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“I Am With You Always”

This morning’s newspaper included two very different stories that intersected in my mind and spirit. They gave me an insight which may be a comfort to you.

First, I read that, at the start of a Sunday school class he was teaching yesterday, former President Jimmy Carter announced that the brain cancer that was expected to kill him within months has completely disappeared.

Then, I read about the death of 4-month-old Eion Montgomery Borders. He was born with a rare genetic condition called Trisomy 18, and he spent his entire life in the hospital before dying a few weeks shy of Christmas.

An infant died when there was no miracle. A 91-year-old man miraculously recovered. What kind of spiritual calculus does that reveal? What would lead God to make such decisions? Is His determination of who lives and dies arbitrary? Or worse, is it somehow unfair?

You may never have voiced questions like those, but every couple I’ve ever led through the infertility Bible study has grappled with those questions in some form:

“Why don’t we deserve a miracle? Why doesn’t God want to help us? Why does He turn His back on us, but bless other people? Why did our baby die when others live?”

Without clear answers, the apparent injustice can be crazy-making and spiritually devastating. Over time, it can feel virtually impossible not to resent other people’s miracles — and turn our backs on God.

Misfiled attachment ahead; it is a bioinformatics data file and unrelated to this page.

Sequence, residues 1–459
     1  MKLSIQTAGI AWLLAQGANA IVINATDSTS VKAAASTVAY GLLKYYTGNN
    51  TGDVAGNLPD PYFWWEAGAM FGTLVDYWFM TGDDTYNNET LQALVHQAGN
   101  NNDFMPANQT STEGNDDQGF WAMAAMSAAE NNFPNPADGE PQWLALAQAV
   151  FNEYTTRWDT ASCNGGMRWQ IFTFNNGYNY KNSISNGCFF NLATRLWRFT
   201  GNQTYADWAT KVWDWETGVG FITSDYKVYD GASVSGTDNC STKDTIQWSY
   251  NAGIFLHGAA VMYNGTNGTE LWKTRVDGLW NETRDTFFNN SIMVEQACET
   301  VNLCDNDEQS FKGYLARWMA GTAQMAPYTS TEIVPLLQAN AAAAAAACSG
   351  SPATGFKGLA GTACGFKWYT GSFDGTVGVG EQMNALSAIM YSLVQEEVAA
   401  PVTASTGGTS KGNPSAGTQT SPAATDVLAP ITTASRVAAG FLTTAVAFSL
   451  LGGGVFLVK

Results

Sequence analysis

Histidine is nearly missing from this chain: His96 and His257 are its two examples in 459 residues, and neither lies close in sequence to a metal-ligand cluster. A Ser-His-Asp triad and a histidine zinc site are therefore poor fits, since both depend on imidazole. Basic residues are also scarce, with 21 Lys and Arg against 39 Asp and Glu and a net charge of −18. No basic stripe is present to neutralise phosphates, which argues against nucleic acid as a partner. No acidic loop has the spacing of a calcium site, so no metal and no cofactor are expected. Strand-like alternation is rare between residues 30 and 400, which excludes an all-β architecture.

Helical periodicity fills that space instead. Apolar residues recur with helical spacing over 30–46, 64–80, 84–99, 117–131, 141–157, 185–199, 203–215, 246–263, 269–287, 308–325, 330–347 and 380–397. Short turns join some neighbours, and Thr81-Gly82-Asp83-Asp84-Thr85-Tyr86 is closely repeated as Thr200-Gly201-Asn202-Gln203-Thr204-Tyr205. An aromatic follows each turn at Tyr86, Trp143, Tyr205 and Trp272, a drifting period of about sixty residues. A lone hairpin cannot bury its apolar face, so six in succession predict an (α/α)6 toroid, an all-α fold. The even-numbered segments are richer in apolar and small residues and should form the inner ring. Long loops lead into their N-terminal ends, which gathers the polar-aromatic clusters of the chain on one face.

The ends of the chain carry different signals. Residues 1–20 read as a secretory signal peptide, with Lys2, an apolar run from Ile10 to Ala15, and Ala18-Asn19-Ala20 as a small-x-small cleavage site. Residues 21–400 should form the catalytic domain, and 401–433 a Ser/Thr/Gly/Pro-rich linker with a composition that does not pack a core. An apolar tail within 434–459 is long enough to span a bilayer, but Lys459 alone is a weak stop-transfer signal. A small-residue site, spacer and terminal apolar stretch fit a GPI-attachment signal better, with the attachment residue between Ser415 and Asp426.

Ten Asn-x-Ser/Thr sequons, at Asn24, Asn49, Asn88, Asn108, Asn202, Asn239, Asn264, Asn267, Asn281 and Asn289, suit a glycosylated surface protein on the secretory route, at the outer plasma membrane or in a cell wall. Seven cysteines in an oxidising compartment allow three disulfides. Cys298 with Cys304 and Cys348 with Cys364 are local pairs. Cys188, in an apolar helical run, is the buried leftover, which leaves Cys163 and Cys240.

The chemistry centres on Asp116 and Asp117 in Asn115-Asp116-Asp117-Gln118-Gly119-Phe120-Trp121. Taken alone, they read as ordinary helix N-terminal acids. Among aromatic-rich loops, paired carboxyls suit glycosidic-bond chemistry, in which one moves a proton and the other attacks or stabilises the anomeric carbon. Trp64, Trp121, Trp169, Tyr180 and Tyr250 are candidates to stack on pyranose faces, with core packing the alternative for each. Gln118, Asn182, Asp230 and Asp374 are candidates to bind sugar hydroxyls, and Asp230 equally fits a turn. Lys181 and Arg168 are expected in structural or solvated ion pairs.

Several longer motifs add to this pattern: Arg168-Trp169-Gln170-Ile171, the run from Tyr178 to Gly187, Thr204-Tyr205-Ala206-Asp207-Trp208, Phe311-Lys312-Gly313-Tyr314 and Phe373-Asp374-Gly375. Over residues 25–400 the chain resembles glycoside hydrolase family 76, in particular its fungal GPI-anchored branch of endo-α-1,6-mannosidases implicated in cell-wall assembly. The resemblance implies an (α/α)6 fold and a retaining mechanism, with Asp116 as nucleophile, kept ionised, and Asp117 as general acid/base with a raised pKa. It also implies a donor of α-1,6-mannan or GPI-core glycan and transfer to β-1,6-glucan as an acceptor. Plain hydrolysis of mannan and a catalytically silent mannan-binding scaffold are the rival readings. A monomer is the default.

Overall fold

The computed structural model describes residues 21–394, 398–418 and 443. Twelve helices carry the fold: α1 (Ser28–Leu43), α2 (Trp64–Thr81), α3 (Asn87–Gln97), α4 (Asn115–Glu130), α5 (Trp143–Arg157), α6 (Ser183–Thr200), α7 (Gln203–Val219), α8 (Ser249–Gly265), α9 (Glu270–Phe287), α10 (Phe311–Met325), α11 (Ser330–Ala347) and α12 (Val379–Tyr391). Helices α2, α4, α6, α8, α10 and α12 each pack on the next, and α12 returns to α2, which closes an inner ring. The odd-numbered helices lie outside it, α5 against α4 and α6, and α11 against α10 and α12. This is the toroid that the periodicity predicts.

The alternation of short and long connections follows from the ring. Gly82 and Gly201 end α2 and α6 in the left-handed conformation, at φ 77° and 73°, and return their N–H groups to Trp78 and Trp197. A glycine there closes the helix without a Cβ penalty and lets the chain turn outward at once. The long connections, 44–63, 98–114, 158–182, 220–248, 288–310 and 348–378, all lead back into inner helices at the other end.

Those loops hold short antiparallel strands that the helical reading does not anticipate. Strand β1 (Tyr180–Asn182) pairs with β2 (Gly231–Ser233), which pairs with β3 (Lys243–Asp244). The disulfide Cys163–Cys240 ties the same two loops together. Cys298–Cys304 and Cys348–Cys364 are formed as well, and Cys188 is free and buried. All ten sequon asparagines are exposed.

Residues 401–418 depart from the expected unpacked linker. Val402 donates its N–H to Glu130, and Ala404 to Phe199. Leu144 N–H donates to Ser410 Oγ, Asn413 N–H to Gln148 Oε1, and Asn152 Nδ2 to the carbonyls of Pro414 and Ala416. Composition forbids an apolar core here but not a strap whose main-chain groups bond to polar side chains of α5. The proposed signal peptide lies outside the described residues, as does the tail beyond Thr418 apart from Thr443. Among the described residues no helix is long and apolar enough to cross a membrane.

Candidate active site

Which brings us back to the two newspaper stories….

Maybe we need a different perspective on what God is — or isn’t — doing. Look carefully, and you’ll see that very different circumstances led to similar outcomes.

When Carter learned he had brain cancer, he very publicly declared his trust in God’s plan. He was at peace with any outcome, he said, and by all accounts, that was true. The miraculous disappearance of four brain lesions gave him another opportunity to publicly affirm his faith, which enabled many around him to see God at work.

Meanwhile, Eoin — whose name means “God’s gift” — came into the world as the first child of parents who felt blessed by his arrival. Despite his genetic condition, “he challenged everyone’s expectations for his life,” said the Borders. “He challenged what people believe is possible….”

Then, he died.

But his legacy did not.

“Eoin’s major accomplishment in this world is that he stirred the hearts of people (his parents included) towards God and helped them focus on what truly is important in this life.” In writing his obituary, Eoin’s parents proclaimed that they are now closer to God and have deepened their understanding of life’s true priorities. Their public witness will touch many lives as the photo of baby Eoin captures the attention of readers this morning.

What if the stories of Carter and baby Eoin are two paths to the same destination? Asked another way, what if — from God’s perspective — it’s less about the outcome of their stories than what the outcomes accomplish in the lives of those touched by the stories?

Examined side-by-side, the two stories clearly demonstrate the power of both joy and grief — both healing and lack of healing — to immerse people in the loving presence of God.

The lesson, then? Both incredible good news and devastating loss are invitations to draw nearer, to sense God’s presence more fully, to hunger and thirst for His faithfulness, and to see that  — no matter what the circumstances — “I am with you always.”